I woke up with a swollen gland in the vicinity of the upper neck and jaw hinge, another symptom of something shifting in my physicality.  Despite a weariness and longing for more rest I pulled myself out of bed, grabbed a cup of coffee and began my day.  I worked remotely from a spare bedroom converted into a home office at my folks’ house as my truck received repairs at a shop nearby.  Admittedly, it was not the most productive day in terms of activity, although it did afford me an opportunity to experiment with telecommuting.  I think it could work once I adjust to the less structured environment.  I have no need for supervision to ensure engagement with work-related tasks as I actually tend to thrive in quite the opposite of a micro-managed culture.  However, I do appreciate being part of a team and learning  from those with more experience. I am grateful for the mentorship I’ve received with one of the best in the hiring consulting business as I’ve learned a great deal, mainly by osmosis as I eavesdrop on phone conversations with clients and candidates alike.  I can assure you that I never said I wanted to be a technology recruiter as a child, nor an admissions advisor, or substitute teacher or a landscape designer for that matter.  I am grateful for the many roles I’ve played in this life.

It wasn’t until late afternoon that I got word of the bloodshed in the streets of Boston from a friend’s social media status update.  Just a few minutes prior I noticed a piercing ring in my left ear, and I wondered who may have been thinking of me at that moment.  I was not yet convinced that the alleged explosions at the finish line of the marathon were for real, and then an email from our company President Bill advising us to cease any phone contact in and around Boston, where we do up to 80% of our recruiting.  He concluded the email with “this is not a joke” and upon a quick online search it was further confirmed that a horrific scene had indeed unfolded at a major annual event involving up to one half million people packed into the downtown corridor.  For a moment my heart sank realizing my ex-wife had run the race last year, and for all I know had returned for an encore performance.  I thought to text her and make sure she was ok, then I decided to let it be and let sleeping dogs lie.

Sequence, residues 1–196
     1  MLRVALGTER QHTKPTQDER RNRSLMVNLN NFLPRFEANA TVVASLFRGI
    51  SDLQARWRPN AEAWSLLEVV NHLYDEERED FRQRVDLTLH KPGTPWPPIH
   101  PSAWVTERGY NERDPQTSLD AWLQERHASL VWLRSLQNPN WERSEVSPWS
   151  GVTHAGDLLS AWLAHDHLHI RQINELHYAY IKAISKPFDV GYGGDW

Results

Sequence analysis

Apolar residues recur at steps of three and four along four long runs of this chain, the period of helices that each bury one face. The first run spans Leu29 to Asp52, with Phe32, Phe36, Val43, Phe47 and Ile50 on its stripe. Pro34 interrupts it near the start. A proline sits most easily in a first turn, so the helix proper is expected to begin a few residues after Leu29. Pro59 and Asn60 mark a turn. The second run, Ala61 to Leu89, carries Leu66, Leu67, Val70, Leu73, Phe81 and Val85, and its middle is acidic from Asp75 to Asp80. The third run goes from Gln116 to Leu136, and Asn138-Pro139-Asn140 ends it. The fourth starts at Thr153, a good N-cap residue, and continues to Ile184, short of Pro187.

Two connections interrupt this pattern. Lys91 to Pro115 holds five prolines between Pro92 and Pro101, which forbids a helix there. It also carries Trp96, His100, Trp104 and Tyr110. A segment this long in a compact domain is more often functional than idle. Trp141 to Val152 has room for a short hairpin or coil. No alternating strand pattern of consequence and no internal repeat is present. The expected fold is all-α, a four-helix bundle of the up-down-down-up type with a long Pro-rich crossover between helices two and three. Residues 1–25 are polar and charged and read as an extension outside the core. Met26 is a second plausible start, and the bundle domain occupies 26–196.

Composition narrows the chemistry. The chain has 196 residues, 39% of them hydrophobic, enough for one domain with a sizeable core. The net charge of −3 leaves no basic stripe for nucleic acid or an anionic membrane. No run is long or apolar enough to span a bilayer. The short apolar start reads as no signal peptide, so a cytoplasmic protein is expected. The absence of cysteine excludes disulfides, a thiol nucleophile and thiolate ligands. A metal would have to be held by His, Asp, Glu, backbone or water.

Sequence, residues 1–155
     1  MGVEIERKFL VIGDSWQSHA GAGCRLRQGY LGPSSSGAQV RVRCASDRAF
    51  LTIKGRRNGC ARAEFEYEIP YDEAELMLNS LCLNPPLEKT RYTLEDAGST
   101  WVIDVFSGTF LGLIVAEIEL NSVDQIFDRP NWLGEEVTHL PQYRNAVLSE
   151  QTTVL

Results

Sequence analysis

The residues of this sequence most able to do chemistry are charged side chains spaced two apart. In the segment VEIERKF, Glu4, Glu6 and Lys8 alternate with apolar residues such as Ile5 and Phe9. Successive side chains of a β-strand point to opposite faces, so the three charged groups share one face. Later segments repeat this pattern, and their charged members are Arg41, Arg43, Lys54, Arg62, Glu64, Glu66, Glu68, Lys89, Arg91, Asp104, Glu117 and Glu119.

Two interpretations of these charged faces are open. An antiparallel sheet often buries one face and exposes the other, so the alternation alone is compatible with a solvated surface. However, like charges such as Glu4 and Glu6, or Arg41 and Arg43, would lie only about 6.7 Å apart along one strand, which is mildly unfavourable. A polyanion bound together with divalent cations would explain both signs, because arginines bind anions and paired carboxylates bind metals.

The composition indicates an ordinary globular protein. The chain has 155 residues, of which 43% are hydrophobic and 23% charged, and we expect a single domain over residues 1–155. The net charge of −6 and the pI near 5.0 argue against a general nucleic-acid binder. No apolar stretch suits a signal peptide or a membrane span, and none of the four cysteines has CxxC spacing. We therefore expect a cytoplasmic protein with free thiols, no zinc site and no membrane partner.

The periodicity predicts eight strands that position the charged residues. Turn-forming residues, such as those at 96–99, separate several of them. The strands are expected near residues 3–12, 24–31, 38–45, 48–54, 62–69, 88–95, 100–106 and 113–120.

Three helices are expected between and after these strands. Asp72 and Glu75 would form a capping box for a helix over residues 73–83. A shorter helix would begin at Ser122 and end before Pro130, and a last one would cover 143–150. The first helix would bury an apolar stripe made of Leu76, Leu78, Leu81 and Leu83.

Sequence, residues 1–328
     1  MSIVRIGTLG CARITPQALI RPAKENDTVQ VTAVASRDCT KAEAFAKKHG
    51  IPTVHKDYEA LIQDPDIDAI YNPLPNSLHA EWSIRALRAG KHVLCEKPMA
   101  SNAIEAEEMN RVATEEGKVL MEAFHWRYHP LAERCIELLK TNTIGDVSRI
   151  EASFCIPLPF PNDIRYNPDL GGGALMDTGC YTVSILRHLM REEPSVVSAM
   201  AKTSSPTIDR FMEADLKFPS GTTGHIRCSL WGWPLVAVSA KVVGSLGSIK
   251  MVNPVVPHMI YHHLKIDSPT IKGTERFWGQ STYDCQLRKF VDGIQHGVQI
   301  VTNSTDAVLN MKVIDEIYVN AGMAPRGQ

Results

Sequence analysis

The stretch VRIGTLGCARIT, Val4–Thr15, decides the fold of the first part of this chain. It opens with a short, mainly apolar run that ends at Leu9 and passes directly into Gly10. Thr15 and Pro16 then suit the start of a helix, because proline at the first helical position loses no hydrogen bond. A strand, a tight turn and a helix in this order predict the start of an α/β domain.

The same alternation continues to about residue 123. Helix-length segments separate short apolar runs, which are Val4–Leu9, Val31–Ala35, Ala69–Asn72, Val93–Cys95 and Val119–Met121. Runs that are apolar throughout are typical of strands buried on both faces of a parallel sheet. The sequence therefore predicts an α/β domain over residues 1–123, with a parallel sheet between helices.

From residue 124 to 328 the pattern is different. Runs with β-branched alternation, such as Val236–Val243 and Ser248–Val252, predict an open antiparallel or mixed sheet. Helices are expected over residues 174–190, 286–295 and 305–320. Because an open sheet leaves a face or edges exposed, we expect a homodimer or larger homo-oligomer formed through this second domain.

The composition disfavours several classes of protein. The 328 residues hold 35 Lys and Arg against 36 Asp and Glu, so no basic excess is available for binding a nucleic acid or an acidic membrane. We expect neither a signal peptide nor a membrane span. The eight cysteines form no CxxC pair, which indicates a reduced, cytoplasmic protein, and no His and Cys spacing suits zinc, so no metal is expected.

Nonetheless, it is uncanny in a sense that I started this new gig and less than 2 months into it the market of our predominant focus absorbs a major trauma.  We have 3 partners running home-based offices in and around Boston, and I have connected with hundreds of people either born there, or relocated for employment as I inspire, empower and inform with love and goodness to all concerned.  It was like a shock wave sent out in this era of mass digital interconnectedness and I feel the loss as if it were my own.  We cannot stop bad things from happening, we can only respond, and responding with love is the most empowering option available.  As destruction breeds creation, we’re reminded how tragedy brings strangers close enough, if for only a moment, to realize we’re all in this together.  It is times like these that we learn to love again.

In common wealth,